DIY Easy Peasy Reusable Produce Bag Tutorial

I’m sure you’ve seen the horrifying pictures of plastic waste accumulating in rivers and oceans, suffocating wildlife and damaging the environment. I’ve been haunted by these images for a long time. Over the last several years I’ve been gradually changing my family’s habits to reduce waste. One of the first things I sewed when I started upcycling fabrics was reusable shopping totes for myself. I later made one for my husband as well. We’re still using them, more than three years later, multiple times a week. I’m estimating that so far we saved at least 462 plastic/paper bags, probably closer to twice that or more.

We’re still far from perfect, though. About 90% of our weekly trash comes from plastic food wrappings of all sorts. A portion of that is plastic produce bags. Many companies now strive to develop plastic-like materials that bio-degrade, compost or feed the fish. I love reading about such efforts, and hope that bags such as these will become widely available soon. As long as they are not, however, reusable cloth produce bags are a great solution to the plastic-bag problem. This week I finally found the time to sew some for my family!

The good news is that cloth bags are really easy to make! You don’t even have to have any sewing skills ūüôā Here’s an easy reusable produce bag tutorial you can try.

A Super-easy Reusable Produce Bag Tutorial

Materials

It doesn’t take much to make reusable produce bags. Fabric, cord and thread is all you need.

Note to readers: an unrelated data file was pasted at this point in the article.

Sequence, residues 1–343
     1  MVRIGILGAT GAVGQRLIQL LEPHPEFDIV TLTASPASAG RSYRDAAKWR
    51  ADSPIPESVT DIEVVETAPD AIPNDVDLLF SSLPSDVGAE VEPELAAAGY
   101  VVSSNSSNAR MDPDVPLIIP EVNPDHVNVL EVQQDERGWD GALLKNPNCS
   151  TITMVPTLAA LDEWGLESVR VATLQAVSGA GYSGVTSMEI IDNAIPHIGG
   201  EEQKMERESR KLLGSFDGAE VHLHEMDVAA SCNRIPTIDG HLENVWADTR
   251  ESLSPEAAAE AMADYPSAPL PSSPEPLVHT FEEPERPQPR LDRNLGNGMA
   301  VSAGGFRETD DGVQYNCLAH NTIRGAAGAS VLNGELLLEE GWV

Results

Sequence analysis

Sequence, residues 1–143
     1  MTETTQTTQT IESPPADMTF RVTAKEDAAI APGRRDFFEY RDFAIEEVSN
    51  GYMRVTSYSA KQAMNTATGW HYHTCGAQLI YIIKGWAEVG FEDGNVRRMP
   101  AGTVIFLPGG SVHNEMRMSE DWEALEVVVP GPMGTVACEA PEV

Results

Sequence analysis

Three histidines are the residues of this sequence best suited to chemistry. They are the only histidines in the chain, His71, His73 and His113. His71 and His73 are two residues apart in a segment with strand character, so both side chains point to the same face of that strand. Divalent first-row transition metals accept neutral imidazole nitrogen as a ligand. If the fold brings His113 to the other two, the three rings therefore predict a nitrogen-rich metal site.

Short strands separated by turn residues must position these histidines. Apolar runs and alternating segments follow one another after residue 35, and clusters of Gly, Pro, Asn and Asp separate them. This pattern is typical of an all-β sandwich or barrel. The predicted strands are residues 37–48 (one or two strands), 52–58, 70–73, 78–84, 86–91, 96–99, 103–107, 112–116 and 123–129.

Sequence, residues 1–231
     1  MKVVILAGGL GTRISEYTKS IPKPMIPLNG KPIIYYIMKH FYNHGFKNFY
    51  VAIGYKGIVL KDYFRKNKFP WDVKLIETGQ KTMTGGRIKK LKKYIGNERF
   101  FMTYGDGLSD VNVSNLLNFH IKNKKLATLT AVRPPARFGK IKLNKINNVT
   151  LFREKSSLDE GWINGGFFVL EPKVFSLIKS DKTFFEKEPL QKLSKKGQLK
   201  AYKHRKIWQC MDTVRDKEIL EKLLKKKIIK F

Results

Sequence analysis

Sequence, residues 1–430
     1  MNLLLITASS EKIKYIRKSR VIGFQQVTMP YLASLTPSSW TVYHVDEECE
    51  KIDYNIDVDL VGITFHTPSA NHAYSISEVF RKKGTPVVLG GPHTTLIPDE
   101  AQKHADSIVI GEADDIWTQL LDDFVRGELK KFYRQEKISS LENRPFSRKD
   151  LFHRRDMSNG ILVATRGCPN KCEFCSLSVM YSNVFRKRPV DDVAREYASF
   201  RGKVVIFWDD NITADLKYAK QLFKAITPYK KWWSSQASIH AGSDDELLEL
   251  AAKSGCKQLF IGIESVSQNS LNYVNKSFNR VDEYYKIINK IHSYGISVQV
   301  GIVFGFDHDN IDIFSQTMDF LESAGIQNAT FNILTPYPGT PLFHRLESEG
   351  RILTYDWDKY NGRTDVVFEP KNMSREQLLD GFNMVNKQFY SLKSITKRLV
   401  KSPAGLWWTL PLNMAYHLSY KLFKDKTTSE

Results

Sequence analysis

Note on fabric: since produce is usually weighed to determine cost, you want to use the lightest fabric you can find. To make it easy for the cashier to see what’s inside, you should look for sheer/transparent fabric. Don’t run to JoAnn’s yet, however! Remember that many resources go into producing new fabric, and therefore it’s a million times more eco-friendly to use pre-loved textiles. Look around your house to see if you already have something suitable. An old curtain, a table cloth, or even a worn shirt can be just right. If you don’t have anything suitable at hand, the closest thrift store will surely have something.¬†

As for cord, use something sturdy yet lightweight. Even an old shoe lace would suffice!

How to Make Your Reusable Produce Bag

You can make the bag any size you want. You might even want different-sized bags for different kinds of produce!

Begin by cutting a rectangle that is twice as wide as you want your final bag to be. If you prefer, you can cut two rectangles, each about half an inch bigger in each direction than the final size you strive for.

If you have two rectangles, start by connecting them. Put them right sides together (facing in), and sew a straight line length-wise on the wrong side. 

It’s easier (and a lot faster!) if you have a sewing machine, but if you don’t, hand-sewing works, too.

Note: since lightweight, sheer fabric can be delicate, I like to use a zigzag stitch.

Fold the cord in two, so that it’s a bit longer than the width of your bag, and cut:

Place the cord about an inch below the top-most part of your fabric, width-wise, and fold the top over the cord. Since your bag has to be functional rather than pretty, feel free to eyeball this rather than measuring exactly.

Tip: use a clip or a pin to hold the edge of the cord peeking outside the fold, as it will be harder to get it through after you sew!

Now zigzag along the bottom part of the edge you just folded, leaving plenty of room for the cord to move inside. Make sure not to sew the cord itself ūüôā

When done, catch the other end of the cord with a clip or pin, so that it doesn’t slip through:

Fold your cloth right sides together. Make sure the top edges meet:

Now you can start sewing the open side and bottom. Begin stitching where the folded part ends–as marked in yellow in the below picture (make sure to leave the “tunnel” you just made for the cord open, so that you can easily pull it out later):

Zigzag along the side and bottom: